Join the discussion: What does Cantor's defeat say about the future of American politics?
Charles Dharapak, Associated Press
House Majority Leader and second-ranking Republican Eric Cantor was beaten in Virginia’s 7th Congressional District Republican primary election Tuesday, an outcome that surprised pundits and left them wondering what the results will mean for the future of the GOP.
“(Cantor) suffered a defeat with few parallels in American history,” wrote The Washington Post. “Historians said that no House leader of Cantor’s rank had ever been defeated in a primary.”
Cantor’s opponent, Dave Brat, was a lesser-known candidate backed by the tea party, the Post continued. The political upset rocked the entire GOP, as even those who ran against Cantor weren’t expecting this victory, according to the Post.
Brat’s tea party support has caused some to wonder whether the movement is a stronger political force than previously imagined. Sen. Ted Cruz (R-Texas), for one, believes Brat’s victory has significant implications.
“The results of last night’s election in Virginia are reverberating all through the nation’s Capitol,” Cruz said in a statement related by The Washington Post. “This election should be a reminder to all in Congress — Republicans and Democrats alike — that the conservative base is alive and well, and the American people will hold us all accountable.”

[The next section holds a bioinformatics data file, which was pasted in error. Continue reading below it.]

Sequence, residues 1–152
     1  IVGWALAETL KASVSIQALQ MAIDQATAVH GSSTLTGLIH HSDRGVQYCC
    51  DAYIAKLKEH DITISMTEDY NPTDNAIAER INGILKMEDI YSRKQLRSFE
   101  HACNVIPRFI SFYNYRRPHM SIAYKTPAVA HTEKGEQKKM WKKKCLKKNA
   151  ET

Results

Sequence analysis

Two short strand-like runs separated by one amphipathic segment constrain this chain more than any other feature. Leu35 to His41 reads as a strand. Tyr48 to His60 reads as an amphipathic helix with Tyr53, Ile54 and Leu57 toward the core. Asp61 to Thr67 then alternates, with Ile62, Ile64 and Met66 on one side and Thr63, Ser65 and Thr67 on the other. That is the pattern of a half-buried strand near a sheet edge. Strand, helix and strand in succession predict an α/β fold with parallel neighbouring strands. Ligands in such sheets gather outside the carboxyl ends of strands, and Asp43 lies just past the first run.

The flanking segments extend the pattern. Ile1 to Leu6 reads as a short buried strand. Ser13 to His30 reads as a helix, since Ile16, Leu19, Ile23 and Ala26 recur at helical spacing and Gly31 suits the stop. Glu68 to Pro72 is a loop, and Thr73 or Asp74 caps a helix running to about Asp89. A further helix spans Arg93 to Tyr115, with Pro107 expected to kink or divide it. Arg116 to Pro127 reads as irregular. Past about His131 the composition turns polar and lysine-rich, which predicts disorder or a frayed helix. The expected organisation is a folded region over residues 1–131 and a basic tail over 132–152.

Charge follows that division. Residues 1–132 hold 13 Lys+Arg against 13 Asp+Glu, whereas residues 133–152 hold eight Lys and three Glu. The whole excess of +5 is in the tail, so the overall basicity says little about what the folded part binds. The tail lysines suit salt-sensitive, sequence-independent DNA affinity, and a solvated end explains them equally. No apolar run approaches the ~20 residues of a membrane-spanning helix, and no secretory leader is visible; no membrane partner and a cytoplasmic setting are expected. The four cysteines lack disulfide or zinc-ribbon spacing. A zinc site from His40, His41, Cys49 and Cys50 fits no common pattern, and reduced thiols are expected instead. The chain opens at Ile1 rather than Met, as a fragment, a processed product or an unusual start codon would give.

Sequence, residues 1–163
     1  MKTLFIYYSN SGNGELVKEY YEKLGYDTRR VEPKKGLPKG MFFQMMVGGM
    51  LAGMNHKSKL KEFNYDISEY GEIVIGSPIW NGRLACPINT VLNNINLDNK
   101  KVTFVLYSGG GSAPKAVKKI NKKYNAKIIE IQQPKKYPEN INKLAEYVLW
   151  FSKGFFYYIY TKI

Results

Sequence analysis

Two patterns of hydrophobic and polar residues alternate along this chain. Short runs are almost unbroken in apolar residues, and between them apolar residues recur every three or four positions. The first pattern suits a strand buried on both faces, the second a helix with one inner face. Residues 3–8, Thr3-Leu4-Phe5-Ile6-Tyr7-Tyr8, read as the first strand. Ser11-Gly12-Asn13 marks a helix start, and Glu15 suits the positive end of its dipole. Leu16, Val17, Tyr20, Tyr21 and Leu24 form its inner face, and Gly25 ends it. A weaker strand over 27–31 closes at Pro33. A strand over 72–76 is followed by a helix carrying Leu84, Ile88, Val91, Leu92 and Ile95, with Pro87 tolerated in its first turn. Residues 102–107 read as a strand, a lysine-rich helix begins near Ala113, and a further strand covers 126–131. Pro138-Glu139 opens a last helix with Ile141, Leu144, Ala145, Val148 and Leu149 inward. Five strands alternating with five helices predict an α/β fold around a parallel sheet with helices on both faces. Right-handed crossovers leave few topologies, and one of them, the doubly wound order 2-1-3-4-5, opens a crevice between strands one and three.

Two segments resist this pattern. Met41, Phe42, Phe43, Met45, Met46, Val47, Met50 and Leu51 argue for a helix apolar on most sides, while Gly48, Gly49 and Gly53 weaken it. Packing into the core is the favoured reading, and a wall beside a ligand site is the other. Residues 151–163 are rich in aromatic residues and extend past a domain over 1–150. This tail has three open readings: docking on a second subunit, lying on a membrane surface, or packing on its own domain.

Others think that while the election did mean something, it was promoting populism more than any tea party values. Ron Fournier wrote in the National Journal that populism, the concept of siding with the people over the perceived elites, is a growing political philosophy in America, and this election only proves it. Americans are voting atypically because they have lost faith in the two-party system’s ability to function.
“Let this be the lesson taken from Cantor's loss,” Fournier wrote. “He is not the only political leader to lose touch with voters. In fact, according to every indication, the entire political class has lost touch. There is ample polling to suggest that a majority of American voters don't feel rooted in, or represented by, either the Republican or Democratic parties. Change or lose power, folks.
“A violent revolution is unconscionable,” he also wrote. “But what may be in the air is a peaceful populist revolt—a bottom-up, tech-fueled assault on 20th-century political institutions.”
Ezra Klein of Vox argued that both of these approaches are wrong. While the election may have been surprising, he said, it ultimately has much less meaning than people are giving it.
“Though Cantor's defeat is national in its effects, less than three-hundredths of 1 percent of the people who voted in the 2012 House elections voted against Eric Cantor last night,” Klein wrote. “There is no grand ideological lesson to draw out of those results.”
The real cause of Cantor’s defeat, according to Klein, is his poor campaign. His tactics were weak and he didn’t reach out to voters as much as he should have, Klein argued.
“Last night Cantor proved himself a bad candidate running a bad campaign,” he wrote. “And that, above all else, is why he lost.”
Bethan Owen is a writer for the Deseret News Moneywise and Opinion sections. Twitter: BethanO2